The Ashland Daily Press is cutting the number of its print editions published each week. The move comes about a decade after Forum Communications adopted a similar policy at The Telegram in Superior. During that time, numerous other newspapers have moved in part or in whole to offering their product digitally.
In a letter to the newspaper’s subscribers, the Daily Press said it will move news, special features and coupons into a newsprint edition that will be published on Wednesdays and Saturdays. The U.S. Postal Service will deliver those hard-copy editions.
Owned by Adams Media Group, which also has a newspaper chain on the Iron Range, the Daily Press said online readership numbers suggest the majority of subscribers are viewing their news digitally via the Internet.
“We’ll provide print and digital coverage of mostly local news but our stories will be tailored to the way readers consume them – longer, in-depth stories in print, shorter, breaking stories with extras like photo galleries, podcasts and video online,” the Daily Press said in its letter.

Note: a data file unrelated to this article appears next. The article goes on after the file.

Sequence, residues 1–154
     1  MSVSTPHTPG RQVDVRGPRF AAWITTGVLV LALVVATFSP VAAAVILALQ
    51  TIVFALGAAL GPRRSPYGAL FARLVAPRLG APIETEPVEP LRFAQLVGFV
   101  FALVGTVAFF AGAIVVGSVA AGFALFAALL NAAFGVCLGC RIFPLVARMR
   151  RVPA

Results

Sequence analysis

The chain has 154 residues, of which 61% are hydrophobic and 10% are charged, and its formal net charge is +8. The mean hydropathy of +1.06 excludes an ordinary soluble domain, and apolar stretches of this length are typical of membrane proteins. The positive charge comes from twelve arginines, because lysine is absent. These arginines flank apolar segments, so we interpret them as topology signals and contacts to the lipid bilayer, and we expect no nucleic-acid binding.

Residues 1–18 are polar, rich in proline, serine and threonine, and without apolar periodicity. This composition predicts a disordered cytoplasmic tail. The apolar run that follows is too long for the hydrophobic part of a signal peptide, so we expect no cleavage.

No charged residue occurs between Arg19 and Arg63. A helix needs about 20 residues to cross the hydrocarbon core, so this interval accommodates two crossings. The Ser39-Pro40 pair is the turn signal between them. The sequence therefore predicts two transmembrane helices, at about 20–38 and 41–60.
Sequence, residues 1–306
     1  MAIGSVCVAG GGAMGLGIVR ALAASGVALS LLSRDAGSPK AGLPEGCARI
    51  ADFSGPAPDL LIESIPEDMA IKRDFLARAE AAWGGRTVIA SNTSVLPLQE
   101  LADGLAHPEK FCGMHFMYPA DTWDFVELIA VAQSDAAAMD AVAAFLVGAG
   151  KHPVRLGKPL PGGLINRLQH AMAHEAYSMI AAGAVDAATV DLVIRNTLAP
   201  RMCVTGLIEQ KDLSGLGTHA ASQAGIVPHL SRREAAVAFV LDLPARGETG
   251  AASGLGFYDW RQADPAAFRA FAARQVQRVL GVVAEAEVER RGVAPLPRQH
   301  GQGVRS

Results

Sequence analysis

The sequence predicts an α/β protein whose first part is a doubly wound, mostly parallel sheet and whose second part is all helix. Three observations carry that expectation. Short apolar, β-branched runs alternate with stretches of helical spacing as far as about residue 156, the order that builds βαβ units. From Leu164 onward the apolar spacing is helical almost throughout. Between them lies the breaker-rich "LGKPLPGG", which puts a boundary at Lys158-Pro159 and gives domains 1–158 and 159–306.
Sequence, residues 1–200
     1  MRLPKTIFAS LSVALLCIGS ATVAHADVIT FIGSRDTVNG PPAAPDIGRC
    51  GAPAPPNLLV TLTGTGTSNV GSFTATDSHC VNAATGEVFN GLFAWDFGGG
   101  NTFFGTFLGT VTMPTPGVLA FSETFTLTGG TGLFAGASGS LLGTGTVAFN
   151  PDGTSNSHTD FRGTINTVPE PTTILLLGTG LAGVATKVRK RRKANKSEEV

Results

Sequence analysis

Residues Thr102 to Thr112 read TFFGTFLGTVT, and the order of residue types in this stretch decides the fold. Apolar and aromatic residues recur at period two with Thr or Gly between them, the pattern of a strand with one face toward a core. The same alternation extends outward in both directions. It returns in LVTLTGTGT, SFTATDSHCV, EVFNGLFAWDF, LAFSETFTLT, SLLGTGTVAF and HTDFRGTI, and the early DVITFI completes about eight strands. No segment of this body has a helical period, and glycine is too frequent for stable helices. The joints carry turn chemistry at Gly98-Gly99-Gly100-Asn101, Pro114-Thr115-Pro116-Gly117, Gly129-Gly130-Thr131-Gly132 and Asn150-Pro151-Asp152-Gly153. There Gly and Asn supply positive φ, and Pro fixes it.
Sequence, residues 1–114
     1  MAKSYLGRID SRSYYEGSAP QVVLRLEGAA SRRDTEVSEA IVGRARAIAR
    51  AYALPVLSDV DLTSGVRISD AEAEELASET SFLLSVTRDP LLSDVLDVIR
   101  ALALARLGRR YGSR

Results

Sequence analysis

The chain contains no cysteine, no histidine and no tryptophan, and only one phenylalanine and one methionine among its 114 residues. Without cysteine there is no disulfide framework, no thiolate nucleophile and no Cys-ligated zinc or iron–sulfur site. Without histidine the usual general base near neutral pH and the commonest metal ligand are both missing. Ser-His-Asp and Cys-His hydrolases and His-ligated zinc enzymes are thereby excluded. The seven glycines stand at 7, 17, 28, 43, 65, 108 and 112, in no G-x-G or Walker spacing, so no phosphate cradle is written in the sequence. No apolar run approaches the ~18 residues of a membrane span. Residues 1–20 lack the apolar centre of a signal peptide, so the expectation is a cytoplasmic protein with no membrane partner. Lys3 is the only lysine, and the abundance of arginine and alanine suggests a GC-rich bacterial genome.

It has been a costly year for newsprint publications. In January, they became the victim of tariffs on Canadian newsprint, which caused prices to spike up to 20 percent. Due to declining demand for newsprint, domestic papermakers already had curtailed their production, leaving publishers little alternative than to purchase from Canada. The tariff remained in effect until it was overturned Aug. 29 by the U.S. International Trade Commission. But there are no guarantees that papermakers will roll back prices to pre-tariff levels.
For many newspapers, however, the damage has already been done. Some closed while others cut spending in a variety of different ways, including reducing their print days. In July, for example, Pittsburgh became the largest U.S. city not to have a daily print newspaper when the Post-Gazette cut to a five-day print edition.